English   español  
Please use this identifier to cite or link to this item: http://hdl.handle.net/10261/44688
Share/Impact:
Statistics
logo share SHARE logo core CORE   Add this article to your Mendeley library MendeleyBASE

Visualizar otros formatos: MARC | Dublin Core | RDF | ORE | MODS | METS | DIDL
Exportar a otros formatos:
Title

Hair mercury levels, fish consumption, and cognitive development in preschool children from Granada, Spain

AuthorsFreire, Carmen; Ramos, Rosa; López-Espinosa, María-José; Díez, Sergi; Vioque, Jesús; Ballester, Ferrán; Fernández, Mariana F.
KeywordsHair mercury
Fish consumption
Children
Cognition
Spain
Issue Date2010
PublisherElsevier
CitationEnvironmental Research
AbstractThe main source of human exposure to mercury is the consumption of fish contaminated with methylmercury, which may adversely affect early neurodevelopment. This study assessed mercury levels in hair of preschoolers in Spain, where fish consumption is elevated, with the aim of investigating the influence of their fish intake and other factors on mercury exposure, and evaluating their association with cognitive development. A population-based birth cohort from Granada (Spain) was studied at the age of 4 yr. Total mercury (T-Hg) levels were determined in children's hair, and daily fish intake was assessed by a food frequency questionnaire. The McCarthy Scales of Children's Abilities (MSCA) were used to assess children's motor and cognitive abilities. Complete data were gathered on 72 children, and multivariate analyses were performed to evaluate the influence of mercury exposure and fish intake on MSCA outcomes. Mean concentration of T-Hg in hair was 0.96 μg/g (95% confidence interval=0.76; 1.20 μg/g). T-Hg levels were associated with higher frequency of oily fish consumption, place of residence, maternal age, and passive smoking. After adjustment for fish intake, T-Hg levels ≥1 μg/g were associated with decrements in the general cognitive (−6.6 points), memory (−8.4 points), and verbal (−7.5 points) MSCA scores. Higher mercury exposure in children from this Mediterranean area was associated with cognitive development delay. Studies on the putative benefits of fish intake during early development should consider mercury exposure from different fish species.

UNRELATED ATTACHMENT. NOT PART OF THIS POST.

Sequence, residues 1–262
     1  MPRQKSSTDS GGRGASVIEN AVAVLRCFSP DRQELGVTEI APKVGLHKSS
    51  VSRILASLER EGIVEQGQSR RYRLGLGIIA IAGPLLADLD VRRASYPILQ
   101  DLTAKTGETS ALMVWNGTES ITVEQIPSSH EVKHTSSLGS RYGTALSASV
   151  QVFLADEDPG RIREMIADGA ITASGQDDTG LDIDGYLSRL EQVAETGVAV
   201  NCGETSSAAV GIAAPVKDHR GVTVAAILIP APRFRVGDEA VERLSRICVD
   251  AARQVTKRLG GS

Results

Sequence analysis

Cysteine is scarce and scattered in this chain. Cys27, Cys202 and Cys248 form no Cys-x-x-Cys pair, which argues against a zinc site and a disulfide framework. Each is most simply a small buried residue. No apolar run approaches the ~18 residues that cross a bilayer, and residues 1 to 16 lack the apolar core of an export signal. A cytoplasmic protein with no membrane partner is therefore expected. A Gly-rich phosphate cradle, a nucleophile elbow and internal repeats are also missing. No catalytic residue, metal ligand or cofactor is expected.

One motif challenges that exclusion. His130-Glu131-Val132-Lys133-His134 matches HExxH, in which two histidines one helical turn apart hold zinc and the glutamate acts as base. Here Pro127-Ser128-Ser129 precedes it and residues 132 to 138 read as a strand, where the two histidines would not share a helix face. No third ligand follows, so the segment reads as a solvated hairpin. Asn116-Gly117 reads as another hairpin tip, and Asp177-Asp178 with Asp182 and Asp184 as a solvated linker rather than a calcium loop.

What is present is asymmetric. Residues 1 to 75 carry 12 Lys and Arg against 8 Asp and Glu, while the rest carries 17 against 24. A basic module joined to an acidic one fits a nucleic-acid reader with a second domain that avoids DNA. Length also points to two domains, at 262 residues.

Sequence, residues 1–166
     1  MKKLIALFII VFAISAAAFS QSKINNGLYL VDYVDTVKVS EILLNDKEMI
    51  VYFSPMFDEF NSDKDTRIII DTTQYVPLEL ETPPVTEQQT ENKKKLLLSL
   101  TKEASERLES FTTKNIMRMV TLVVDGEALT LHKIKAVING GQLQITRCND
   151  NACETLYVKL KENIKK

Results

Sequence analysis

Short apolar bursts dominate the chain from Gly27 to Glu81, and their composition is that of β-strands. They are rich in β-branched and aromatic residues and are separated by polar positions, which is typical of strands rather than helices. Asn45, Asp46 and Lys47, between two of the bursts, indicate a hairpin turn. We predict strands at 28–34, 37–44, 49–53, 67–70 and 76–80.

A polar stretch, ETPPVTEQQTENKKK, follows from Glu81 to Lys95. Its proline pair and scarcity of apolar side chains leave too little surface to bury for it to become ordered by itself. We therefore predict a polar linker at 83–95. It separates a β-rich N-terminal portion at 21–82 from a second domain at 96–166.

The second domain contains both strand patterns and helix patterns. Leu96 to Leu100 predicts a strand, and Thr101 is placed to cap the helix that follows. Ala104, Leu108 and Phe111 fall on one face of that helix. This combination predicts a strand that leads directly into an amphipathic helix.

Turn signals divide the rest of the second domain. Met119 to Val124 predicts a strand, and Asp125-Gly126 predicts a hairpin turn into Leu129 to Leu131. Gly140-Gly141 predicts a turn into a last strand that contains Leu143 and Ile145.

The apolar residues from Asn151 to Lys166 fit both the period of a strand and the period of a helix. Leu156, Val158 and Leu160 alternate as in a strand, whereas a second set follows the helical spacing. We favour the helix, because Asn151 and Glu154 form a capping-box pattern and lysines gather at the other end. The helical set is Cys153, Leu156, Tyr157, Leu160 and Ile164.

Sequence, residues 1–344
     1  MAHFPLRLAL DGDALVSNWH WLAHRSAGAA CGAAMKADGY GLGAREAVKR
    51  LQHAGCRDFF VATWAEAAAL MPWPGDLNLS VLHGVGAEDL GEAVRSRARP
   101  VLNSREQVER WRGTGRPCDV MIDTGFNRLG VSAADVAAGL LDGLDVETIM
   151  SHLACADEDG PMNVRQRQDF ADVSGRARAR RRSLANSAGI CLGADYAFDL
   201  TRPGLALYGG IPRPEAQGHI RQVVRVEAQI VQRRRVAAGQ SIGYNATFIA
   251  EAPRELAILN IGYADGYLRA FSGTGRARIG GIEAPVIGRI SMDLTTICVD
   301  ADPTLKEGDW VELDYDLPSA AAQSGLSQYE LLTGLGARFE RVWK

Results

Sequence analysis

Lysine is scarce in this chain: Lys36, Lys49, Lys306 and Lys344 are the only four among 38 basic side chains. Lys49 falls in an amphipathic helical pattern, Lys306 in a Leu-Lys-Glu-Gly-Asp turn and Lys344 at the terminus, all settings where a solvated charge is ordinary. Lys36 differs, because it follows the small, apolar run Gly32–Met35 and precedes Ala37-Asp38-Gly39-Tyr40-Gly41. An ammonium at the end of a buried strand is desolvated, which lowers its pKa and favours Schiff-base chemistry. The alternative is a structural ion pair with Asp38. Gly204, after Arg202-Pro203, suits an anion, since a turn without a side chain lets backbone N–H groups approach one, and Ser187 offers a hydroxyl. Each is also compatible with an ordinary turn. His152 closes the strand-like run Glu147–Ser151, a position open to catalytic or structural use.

DescriptionThe authors are grateful to Richard Davies for editorial assistance. The results would not have been achieved without the selfless collaboration of the study participants and staff at the Pediatrics Department of the San Cecilio University Hospital.
Publisher version (URL)http://dx.doi.org/10.1016/j.envres.2009.10.005
URIhttp://hdl.handle.net/10261/44688
DOI10.1016/j.envres.2009.10.005
ISSN0013-9351
E-ISSN1096-0953
Appears in Collections:(IDAEA) Artículos
Files in This Item:
There are no files associated with this item.
Show full item record
Review this work
 

Related articles:


WARNING: Items in Digital.CSIC are protected by copyright, with all rights reserved, unless otherwise indicated.